The garden leftovers

The summer vegs have eked out their last fruits of the season and are now on the quick decline towards brown and dead.

We’ve had a couple of light frosts that are drawing the growing season to a close and I’ve been out in the garden frequently trying to get the last few edibles in. I have the butternuts in, the cucumbers have been done for a couple of weeks, my tomato plants are absolutely loaded with hard, green tomatoes that will never see a rosy blush and the zucchini are still going gangbusters. I have a few cantaloupe and watermelon left but they aren’t quite ready yet. The bell peppers are still producing like mad, but this year the fruit has been odd. Typically I get big peppers begging to be stuffed with a meat and rice mixture and baked until soft. This year, none have been much bigger around than 2″ or 3″ at the widest part and flat as a patty pan squash! Weird. They are fully ripened and absolutely delicious, but there were no stuffing-worthy peppers this year.

And the compost pile grows as I start pulling dying vines and plants from the garden and layering them with egg shells, coffee grounds, kitchen scraps, horse poo, chicken poo, grass clippings, fireplace ashes, etc. etc. Every year I stand staring at the mountain of dead tomato and pepper plants and wonder what the hell I’m going to do with them. Burn them? Compost them? Chuck ’em in the woods and let nature happen? I hate wasting them when they do compost so nicely and give back to the earth they grew from.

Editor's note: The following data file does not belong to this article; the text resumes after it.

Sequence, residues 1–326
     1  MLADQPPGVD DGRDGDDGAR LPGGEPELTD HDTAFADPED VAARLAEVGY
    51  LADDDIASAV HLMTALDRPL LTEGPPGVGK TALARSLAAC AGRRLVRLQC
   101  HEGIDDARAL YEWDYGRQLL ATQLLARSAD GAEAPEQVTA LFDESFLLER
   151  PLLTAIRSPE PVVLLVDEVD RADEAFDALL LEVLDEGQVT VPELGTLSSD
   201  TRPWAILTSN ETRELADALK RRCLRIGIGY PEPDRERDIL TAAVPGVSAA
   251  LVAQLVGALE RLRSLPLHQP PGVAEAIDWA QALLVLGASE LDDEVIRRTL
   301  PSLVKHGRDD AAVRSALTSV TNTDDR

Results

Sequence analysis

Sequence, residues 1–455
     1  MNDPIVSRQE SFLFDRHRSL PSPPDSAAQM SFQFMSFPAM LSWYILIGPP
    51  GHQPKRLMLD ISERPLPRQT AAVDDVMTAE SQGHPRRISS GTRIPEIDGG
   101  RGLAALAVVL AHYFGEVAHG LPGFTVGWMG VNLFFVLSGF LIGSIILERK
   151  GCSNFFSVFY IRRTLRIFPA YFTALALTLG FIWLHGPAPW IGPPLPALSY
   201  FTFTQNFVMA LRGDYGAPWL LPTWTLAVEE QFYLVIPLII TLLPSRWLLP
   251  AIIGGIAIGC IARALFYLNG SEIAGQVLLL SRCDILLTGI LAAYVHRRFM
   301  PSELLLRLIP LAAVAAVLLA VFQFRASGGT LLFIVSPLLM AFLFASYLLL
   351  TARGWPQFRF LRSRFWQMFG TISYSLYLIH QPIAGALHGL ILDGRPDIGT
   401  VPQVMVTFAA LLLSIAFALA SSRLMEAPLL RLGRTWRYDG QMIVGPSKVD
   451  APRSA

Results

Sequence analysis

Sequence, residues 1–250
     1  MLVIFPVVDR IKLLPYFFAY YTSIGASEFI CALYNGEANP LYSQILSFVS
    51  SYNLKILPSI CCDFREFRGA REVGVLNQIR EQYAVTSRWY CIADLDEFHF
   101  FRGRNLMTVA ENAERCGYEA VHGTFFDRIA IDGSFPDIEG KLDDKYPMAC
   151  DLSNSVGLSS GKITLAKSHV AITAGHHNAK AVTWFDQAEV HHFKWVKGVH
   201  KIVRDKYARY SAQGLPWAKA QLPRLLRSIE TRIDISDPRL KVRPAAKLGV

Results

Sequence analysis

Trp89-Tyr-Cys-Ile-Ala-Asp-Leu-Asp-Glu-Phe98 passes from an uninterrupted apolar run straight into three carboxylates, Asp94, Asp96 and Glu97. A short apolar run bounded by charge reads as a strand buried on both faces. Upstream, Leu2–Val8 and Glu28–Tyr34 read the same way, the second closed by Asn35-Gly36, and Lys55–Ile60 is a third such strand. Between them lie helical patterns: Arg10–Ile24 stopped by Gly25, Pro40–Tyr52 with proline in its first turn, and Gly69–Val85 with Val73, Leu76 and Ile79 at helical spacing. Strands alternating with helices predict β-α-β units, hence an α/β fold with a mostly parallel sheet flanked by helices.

But you hear three firmly differing camps on composting the tomato, pepper and eggplant plants to use back in the garden.

One side says never, ever, ever compost them! Blight! Wilt! Rot! Disease! The risks outweigh the benefits, even with healthy plants.

The other side says, sure, go ahead compost away but make sure you are composting healthy plants, never, ever diseased plants because even the heat from a properly cared-for and turned compost pile won’t destroy fungus spores. Which makes sense.

And a third side says burn ’em to crisp and mix the ashes into the garden soil for a worry-free, disease-free soil additive.

Mine aren’t quite ready to burn, and I haven’t decided whether I’ll just knock them down and till them right into the garden or put them on the compost pile. My plants were all healthy this year despite a miserably hot season and very little rainfall.

Oh, decisions, decisions!

Life is Good!


4 thoughts on “The garden leftovers

    • Funder,
      Yeah, definitely. I don’t think mine have a fungus, at least I’ve not noticed any indication of disease at all. But I wonder: If they DO have a fungus, isn’t it already in the soil just by virtue of being planted there? Too many unknowns!

      • I think you’re supposed to move them around year to year…. or is that squash? I am obviously not much of a gardener yet! 😉

      • Yes ma’am, you’re supposed to move tomatoes every year. I rotate them on the four sides theory. Every year they are on a different side of the garden…after four years they are back where they started and any fungus/disease should be well out of the soil by then. I’ve heard you are supposed rotate your squash, not because of disease, but because they do suck so much out of the soil.

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